A worker argued that the method her employer used to determine her salary was
discriminatory because male employees were paid more
for performing the same work.
What happened. In 1998, Jenny Wernsing started working as an internal
security investigator II for the Department of Human Services (DHS) for the
state of Illinois. Before landing this job, she had been earning $1,925 monthly
with the Southern Illinois Enforcement Group. In her new role, she was paid
$2,478 per month--nearly 30 percent more, but the lowest pay rate for her
job classification. The highest possible rate was $4,466.
DHS pays lateral entrants at least the same amount they had previously been
earning, plus a raise, if possible, under the pay scale for the new position.
Others hired by the department made more money than Wernsing because they came
from higher-paying jobs. For example, Charles Bingaman, who was hired
at the same time as Wernsing, was given a monthly salary of $3,739, up from
$3,399 at his previous job with the state. Wernsing and Bingaman performed the
same work in their new capacities despite a $1,261 difference in their monthly
Wernsing claimed that this salary-setting practice violates the Equal Pay Act
of 1963. However, a district court and the U.S. Court of Appeals for the 7th
Circuit, which covers Illinois, Indiana, and Wisconsin, disagreed with her allegations.
What the court said. The appeals court noted that while the Equal Pay
Act prohibits differences in pay that are based on gender, it also exempts pay
differentials that are "based on any other factor other than sex."
Citing three previous 7th Circuit decisions, the appeals court said that prior
wages are considered a "factor other than sex."
The appeals court disagreed with Wernsing's argument that DHS doesn't
have an "acceptable business reason" for its salary-setting practice.
This practice is advantageous to the department because the higher pay makes
the job more appealing to the most qualified candidates, the court noted.
The court also wasn't convinced by Wernsing's argument "that
because women earn less than men from private employment, all market wages must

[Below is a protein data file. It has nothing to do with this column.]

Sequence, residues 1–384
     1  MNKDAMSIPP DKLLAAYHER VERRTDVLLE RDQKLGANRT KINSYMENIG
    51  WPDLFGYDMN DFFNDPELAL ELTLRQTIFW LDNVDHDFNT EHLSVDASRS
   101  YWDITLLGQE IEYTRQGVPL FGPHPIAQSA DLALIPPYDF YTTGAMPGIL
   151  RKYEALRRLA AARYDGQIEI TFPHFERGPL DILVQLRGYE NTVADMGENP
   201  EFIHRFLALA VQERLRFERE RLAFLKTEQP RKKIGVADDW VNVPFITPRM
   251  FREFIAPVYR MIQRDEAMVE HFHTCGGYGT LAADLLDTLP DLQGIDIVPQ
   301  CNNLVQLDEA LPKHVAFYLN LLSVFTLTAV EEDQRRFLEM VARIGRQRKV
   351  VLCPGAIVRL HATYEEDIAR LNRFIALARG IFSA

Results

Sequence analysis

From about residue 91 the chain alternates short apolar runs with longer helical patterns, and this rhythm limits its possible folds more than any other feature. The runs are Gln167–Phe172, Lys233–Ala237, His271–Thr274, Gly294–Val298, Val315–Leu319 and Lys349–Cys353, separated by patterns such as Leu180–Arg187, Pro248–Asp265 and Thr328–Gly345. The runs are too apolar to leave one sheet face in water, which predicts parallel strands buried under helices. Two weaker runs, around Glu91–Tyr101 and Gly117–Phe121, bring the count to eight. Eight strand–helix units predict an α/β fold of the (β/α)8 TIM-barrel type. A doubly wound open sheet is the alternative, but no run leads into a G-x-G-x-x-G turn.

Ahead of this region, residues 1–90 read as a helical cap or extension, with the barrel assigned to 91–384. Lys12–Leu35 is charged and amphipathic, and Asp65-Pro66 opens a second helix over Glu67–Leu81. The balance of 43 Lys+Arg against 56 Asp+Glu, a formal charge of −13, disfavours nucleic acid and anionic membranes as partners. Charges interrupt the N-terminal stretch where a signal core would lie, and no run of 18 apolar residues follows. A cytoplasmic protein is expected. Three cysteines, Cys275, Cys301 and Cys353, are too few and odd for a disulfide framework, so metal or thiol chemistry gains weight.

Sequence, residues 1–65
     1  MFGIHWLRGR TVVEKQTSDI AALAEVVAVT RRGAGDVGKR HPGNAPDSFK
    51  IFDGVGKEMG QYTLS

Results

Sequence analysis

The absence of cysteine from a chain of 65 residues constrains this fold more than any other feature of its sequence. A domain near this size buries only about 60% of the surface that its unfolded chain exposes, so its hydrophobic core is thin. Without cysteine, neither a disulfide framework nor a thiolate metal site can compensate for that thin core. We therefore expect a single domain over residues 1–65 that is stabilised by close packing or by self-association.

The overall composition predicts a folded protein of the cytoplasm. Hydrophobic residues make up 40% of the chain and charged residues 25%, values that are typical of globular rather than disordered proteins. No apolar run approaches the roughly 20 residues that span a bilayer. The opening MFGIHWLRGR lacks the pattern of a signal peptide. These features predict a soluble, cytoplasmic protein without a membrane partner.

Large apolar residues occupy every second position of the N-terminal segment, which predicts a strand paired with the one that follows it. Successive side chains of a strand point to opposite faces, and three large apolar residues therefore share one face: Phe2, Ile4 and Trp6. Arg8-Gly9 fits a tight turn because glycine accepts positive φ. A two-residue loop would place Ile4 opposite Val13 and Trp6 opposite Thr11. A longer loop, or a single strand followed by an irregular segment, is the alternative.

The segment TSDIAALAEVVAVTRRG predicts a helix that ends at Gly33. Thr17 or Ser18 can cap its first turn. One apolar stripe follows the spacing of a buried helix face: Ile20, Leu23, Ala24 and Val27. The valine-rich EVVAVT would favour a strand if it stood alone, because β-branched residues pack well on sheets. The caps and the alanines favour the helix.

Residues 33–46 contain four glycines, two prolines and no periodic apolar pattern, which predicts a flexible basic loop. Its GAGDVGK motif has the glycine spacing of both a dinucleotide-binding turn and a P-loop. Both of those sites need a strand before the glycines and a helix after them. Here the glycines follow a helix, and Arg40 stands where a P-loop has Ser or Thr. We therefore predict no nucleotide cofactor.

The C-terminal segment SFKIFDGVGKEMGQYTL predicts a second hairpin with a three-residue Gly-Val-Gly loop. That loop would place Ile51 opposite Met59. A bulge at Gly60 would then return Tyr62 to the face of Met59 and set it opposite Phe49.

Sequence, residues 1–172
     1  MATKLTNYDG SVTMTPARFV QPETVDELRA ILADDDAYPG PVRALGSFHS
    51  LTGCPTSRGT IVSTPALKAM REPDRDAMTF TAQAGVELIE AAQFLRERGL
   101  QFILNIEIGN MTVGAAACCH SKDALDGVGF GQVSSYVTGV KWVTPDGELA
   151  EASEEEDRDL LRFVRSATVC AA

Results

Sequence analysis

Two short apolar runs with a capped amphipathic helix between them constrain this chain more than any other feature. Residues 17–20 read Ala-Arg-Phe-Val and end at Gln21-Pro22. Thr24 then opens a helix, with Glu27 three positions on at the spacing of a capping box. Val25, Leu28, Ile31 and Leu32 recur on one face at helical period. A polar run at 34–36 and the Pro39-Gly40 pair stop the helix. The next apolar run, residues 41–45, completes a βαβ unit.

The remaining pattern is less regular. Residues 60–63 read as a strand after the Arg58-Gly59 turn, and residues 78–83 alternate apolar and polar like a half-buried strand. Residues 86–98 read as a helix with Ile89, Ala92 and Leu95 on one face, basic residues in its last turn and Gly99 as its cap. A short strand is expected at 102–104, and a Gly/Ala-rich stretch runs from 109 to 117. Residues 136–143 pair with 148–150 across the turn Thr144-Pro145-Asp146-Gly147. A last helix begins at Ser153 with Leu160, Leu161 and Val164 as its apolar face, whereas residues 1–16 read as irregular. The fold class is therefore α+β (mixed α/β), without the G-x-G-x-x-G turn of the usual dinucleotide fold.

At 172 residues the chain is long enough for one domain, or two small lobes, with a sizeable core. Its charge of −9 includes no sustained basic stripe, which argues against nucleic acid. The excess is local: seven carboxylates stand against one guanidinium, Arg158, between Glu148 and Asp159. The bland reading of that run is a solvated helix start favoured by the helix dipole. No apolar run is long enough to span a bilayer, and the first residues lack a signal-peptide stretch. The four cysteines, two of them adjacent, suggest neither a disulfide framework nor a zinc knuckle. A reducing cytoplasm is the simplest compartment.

be discriminatory and therefore must be ignored when setting salaries."
Although research has shown that women make less than men on average, there
are other factors involved, such as the fact that women tend to step out of
the workforce to raise children for longer amounts of time than men, thus giving
them less experience, according to the court.
If women who worked in "feeder" jobs for DHS were paid less than
their male counterparts on the basis of sex, "then using those wages as
the base for pay at the Department would indeed perpetuate discrimination and
violate the Equal Pay Act," the court said. However, Wernsing didn't
offer evidence to support such an argument (Wernsing v. Department of Human
Services, State of Illinois, No. 04-2225, U.S. Court of Appeals, 7th Cir.,
What to remember. Here are ways to prevent charges of salary-setting:
- Review your pay practices.
Make sure male and female employees are paid equal wages for performing the
same work. If not, make sure any pay differentials are due to merit, seniority,
previous salary, or other "acceptable business reason"--not
- Look at the whole picture. When checking your pay practices
for mid- and upper-level positions, don't forget to review salary-setting
practices for entry-level jobs as well, especially if you
use those initial wages as the
basis for determining pay at higher levels. In this case, the court noted
that if salaries in the department's "feeder" positions were
set on the basis of gender, this would create equal pay issues with higher-level
- Put your policy in writing. Clearly explain the guidelines
of your merit, seniority, bonus,
or commission programs, and make sure all affected employees have a thorough
of the programs.